By John Preston
Humans are curious creatures. On one level, we are capable of profound understanding and complex cognition. On another we are completely dependent on the most basic physiological and emotional needs being met before we can realise our higher-order potential.
In the earlier part of last century, Abraham Maslow devised the Hierarchy of Needs to explain the pre-requisites for humankind to access their higher nature. Once basic, physiological needs are met—food and shelter—humans apply themselves to the increasingly higher order concepts of safety, belonging, esteem and, finally, self-actualisation or fulfilment.
Dr Benjamin Bloom, an educational psychologist from the 1950s, developed a similar hierarchical approach—Bloom’s Taxonomy—but his applied to the domains of learning. Bloom observed individual’s learning progress from remembering through understanding, application, analysis and evaluation, culminating in creation.
For infant or juvenile learning, as much emphasis needs to be given to meeting Maslow’s hierarchy as Bloom’s taxonomy. Children need to be fed, feel safe and belong. Only then can they advance through Bloom’s domains. A settled family life, good schools and great teachers are, therefore, the prerequisites for a child’s successful learning journey.
Adult education, however, generally assumes Maslow’s hierarchy has been met—at least as far as ‘esteem’—and this is largely our experience with adult learning in the public sector. Nevertheless, this should never be taken for granted—but more on this later.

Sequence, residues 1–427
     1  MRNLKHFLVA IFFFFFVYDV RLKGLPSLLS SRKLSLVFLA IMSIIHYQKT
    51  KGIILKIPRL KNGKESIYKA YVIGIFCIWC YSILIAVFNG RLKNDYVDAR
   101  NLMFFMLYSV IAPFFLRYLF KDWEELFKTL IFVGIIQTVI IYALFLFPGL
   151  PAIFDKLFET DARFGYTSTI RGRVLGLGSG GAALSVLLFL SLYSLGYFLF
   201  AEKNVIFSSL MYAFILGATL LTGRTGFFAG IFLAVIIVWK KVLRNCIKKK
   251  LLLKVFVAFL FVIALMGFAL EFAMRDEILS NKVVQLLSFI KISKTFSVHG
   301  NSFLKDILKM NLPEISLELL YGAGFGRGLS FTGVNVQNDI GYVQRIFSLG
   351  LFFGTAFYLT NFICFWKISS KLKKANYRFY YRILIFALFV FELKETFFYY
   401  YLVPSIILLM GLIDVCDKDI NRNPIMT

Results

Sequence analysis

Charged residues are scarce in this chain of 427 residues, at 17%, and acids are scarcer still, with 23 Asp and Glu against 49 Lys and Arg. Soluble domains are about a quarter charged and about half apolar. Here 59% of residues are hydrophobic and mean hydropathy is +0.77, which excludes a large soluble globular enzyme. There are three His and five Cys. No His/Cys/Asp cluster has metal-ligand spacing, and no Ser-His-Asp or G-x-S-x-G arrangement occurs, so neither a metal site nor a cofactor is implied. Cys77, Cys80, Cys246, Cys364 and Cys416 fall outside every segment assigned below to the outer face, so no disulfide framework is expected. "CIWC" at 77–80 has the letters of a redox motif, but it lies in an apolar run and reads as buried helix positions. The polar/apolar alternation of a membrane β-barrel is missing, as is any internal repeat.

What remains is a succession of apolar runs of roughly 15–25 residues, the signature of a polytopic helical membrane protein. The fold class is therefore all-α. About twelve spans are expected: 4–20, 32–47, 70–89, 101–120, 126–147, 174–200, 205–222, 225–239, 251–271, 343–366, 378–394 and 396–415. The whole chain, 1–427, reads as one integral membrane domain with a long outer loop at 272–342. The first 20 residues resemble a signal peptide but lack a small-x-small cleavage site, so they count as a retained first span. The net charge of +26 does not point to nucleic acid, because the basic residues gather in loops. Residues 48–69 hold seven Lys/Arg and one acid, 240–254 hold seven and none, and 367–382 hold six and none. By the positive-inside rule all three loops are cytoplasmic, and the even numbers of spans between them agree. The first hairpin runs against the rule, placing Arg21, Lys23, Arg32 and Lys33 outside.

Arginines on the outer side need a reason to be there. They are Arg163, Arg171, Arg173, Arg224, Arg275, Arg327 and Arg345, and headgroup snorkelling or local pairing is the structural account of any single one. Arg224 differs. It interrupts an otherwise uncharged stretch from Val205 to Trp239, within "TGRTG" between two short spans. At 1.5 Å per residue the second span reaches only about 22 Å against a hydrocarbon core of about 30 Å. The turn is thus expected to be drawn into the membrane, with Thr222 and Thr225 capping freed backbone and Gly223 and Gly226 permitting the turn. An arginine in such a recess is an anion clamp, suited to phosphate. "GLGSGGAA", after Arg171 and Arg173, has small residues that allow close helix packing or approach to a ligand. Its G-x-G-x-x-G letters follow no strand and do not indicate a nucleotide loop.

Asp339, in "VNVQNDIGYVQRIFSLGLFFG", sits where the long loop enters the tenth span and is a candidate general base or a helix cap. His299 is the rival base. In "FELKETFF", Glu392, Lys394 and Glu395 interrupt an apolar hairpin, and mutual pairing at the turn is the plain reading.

At Ethos CRS, our learning development principles are solidly based on understanding and applying Bloom’s Taxonomy in a modern context.
An individual’s basic education gives them the capacity to recall, recognise and understand facts and information. At the next level, the individual cultivates the ability to apply these remembered concepts and ideas in their everyday work lives.
Further on into Bloom’s taxonomy, the development of higher-order analytical skills allows professionals to dissect and compartmentalise information. Breaking concepts down into manageable pieces opens up the professional’s capacity to analyse the issues. But, what now? With analytical skills under their belt, reviewing—or evaluating—results to assess the viability or usefulness of developed ideas is the next logical progression.
Ultimately, our public sector professionals devise and develop ideas that contribute to public value. We need to unbridle their creativity while managing their enthusiasm so the desired public policy outcomes can be delivered.
Program delivery to adults is considerably more successful if it refers both to Maslow and to Bloom. The assumption that the adult learners have already sufficiently ascended Maslow’s hierarchy to engage in Bloom’s higher-level learning domains is a risky one.
The Ethos CRS approach is to ensure that we address the fundamentals of belonging (Maslow) in the way we conduct our training, while also developing the higher-order learning domains (Bloom). We achieve this through non-competitive and participative learning, grounded in encouraging participants to access each learning domain sequentially—to climb Bloom’s taxonomic pyramid.
Clearly this is not learning by numbers. It is a coherent and robust strategy that has proven itself time and again.
Contact us at email@example.com for a customised program for your organisation. Ethos CRS provides most of the policy programs for the Australian Public Service Commission (APSC) through their National learning and development calendar.